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Monday, May 16, 2016

Mid-month means it's time for me to start making out next month's grocery list

So, yes, we're only 2 weeks into the month, and I'm already planning next month's shopping.

I begin the planning early, not because I'll be making menu plans 2 weeks ahead of the coming month, but because:

  • by really planning my shopping, down to the last detail, I save money, lot's of money
  • I add items to my list, as I cook and notice we're running low, this gives me 2 weeks to plan where to get the best deal on many items
  • it gives me time to take inventory of some of the frequently used items, but might be overlooked as needing replacements -- shampoo, toothpaste, lightbulbs, vitamins, toothbrushes
  • I have several stores I only hit once per month, and I don't want to backtrack later in the month, saving both time and gas
  • each store has it's own "deal" items, priced lower than the other stores in the area and I want to take advantage of that
  • one store is my bulk-buying store as they sell 50-lb sacks of some of my basics -- Cash & Carry. I limit going to Cash & Carry to just one or two times per month.
  • one store I only go to once per month, even though it's super close -- Dollar Tree. I find DT to be a spending trap for me, too many hard-to-resist things there.
  • one store gives me a 10% discount for being over 55, but only one day per month
  • another store is now my go-to store for bulk bin purchases, but due to distance from my house, I only go there once per month

Every month, around the 15th, I get out a new sheet of paper, put a few headings (names of stores) on it, and clip to the fridge door. This is my shopping list. Items needed go under the appropriate store-heading.

Everyone in the family knows to write down items specific to their needs (like razors and hairbrushes). And when I notice we're running low on something, I write that down.

By beginning 2 weeks before the new month, I know I will take the time needed to seek out, and plan for, purchases at close to their lowest price in my town. I have time to identify "best" regular prices as well as check for coupons and sale/discount prices. I don't always get the very lowest price, but I do well enough that our budget and spending remains pretty low.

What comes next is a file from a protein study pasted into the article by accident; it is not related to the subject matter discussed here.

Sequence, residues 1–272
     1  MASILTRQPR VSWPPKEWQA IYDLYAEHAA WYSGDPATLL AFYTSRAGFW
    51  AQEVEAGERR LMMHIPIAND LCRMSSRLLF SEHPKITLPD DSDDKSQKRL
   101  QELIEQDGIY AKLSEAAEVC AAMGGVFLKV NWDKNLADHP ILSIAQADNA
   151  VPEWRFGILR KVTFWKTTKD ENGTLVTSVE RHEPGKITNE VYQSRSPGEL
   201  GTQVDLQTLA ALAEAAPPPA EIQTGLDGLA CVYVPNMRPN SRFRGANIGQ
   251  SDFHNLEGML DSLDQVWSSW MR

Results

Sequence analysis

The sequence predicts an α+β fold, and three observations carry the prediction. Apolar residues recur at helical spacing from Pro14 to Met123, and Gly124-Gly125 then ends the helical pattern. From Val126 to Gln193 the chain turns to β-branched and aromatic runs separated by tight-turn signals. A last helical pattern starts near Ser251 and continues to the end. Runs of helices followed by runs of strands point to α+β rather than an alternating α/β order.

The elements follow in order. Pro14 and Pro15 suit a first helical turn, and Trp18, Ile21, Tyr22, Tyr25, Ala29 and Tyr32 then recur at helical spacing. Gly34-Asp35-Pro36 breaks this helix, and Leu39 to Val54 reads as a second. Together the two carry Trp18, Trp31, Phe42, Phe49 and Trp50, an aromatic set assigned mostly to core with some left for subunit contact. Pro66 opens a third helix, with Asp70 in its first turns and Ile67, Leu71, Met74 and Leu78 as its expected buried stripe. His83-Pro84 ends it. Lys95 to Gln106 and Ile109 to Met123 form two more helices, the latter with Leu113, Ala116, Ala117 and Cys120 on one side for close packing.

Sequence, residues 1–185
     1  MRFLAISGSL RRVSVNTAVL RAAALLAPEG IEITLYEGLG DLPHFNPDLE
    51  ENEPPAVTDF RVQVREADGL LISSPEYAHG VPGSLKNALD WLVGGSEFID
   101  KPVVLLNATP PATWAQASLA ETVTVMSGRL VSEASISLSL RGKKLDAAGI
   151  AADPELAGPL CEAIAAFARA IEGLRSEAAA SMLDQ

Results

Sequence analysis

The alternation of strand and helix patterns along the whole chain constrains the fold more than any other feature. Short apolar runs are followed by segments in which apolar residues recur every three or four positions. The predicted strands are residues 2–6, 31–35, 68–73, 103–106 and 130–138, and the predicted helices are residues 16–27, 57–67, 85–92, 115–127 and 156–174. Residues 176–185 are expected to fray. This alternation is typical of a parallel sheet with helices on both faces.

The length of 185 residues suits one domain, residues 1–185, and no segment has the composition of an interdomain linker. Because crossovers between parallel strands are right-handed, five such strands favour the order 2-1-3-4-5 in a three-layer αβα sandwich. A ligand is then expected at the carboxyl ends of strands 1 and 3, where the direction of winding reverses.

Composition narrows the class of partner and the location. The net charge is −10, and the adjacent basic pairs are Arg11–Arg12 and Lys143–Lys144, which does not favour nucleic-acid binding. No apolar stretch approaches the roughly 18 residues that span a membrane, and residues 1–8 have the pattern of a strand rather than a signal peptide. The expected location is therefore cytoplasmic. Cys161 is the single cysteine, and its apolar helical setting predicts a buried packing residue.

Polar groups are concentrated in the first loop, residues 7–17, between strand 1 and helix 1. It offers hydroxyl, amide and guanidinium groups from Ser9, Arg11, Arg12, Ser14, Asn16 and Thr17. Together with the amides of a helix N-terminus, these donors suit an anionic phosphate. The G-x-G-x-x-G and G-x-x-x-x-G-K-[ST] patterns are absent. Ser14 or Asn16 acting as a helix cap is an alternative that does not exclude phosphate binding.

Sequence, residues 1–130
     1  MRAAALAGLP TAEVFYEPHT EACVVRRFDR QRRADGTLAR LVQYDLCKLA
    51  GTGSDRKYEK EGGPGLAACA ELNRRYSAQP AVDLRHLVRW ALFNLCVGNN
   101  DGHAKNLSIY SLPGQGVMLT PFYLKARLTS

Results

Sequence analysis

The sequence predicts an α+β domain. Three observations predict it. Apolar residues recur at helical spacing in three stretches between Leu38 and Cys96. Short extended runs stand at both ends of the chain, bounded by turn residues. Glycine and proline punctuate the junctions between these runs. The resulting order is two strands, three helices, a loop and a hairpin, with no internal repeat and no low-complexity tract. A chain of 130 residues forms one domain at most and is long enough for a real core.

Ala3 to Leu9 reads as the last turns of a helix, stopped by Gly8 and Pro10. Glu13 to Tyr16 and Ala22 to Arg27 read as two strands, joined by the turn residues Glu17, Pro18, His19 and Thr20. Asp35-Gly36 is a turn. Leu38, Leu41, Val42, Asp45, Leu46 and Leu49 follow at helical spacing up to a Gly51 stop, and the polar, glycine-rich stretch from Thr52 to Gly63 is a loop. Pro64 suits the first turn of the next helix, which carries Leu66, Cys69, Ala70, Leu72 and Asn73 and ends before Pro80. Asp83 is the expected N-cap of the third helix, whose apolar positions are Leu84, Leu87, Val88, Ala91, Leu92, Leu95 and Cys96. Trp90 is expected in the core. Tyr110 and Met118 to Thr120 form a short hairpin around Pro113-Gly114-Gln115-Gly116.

It sounds like a lot of work, but it's not. In fact, I believe I save time, by not forgetting items, which I always did when hastily making out my shopping lists.

Companies, large and small, have at least one person designated as the one to order supplies for the operation. It's efficient, with both money and time. I guess you could say that in addition to all of my other titles, I'm also the Supply Manager for our household.


  1. I have a much simpler version of that. I don't think I save as much money as you do, but it helps. I keep a list on the refrigerator where we write down anything we're out of. Then we try to limit our trip to the grocery store (Aldi's) and Walmart and Target to once a week. They aren't that close to our house, so that helps us with time and money. I pass two grocery stores everyday going to work, so I try to read their ads and pick up anything I see a good price on. However, the biggest saving for me is to stay out of the stores. There often seems to be something that makes it into the cart that was not intended when I'm shopping.

    If you're planning for a month, how do you handle the ads/loss leaders that change every week? Do you just buy when the item reaches a certain price point (I do some of that)? Do you wait to see if a better price is coming? Or do you buy enough in bulk you can afford to wait on most things until you see a good price?

    1. Hi live and learn,
      me, too, on just staying out of the stores. I think I save a lot of money in that way.

      As for the regular weekly ads, I do wait for rock-bottom prices on many products. An issue I've had with our "regular" grocery stores that put out a flyer, is they have had very few of those rock-bottom prices. The exception is turkey at Thanksgiving, and ham and eggs at Easter and Christmas, plus milk at Fred Meyer every other week. I can do better, price-wise at places like Cash & Carry and WinCo for basic ingredients. I do watch Cash & Carry's ads, but they only come out every other week. And WinCo doesn't have an ad.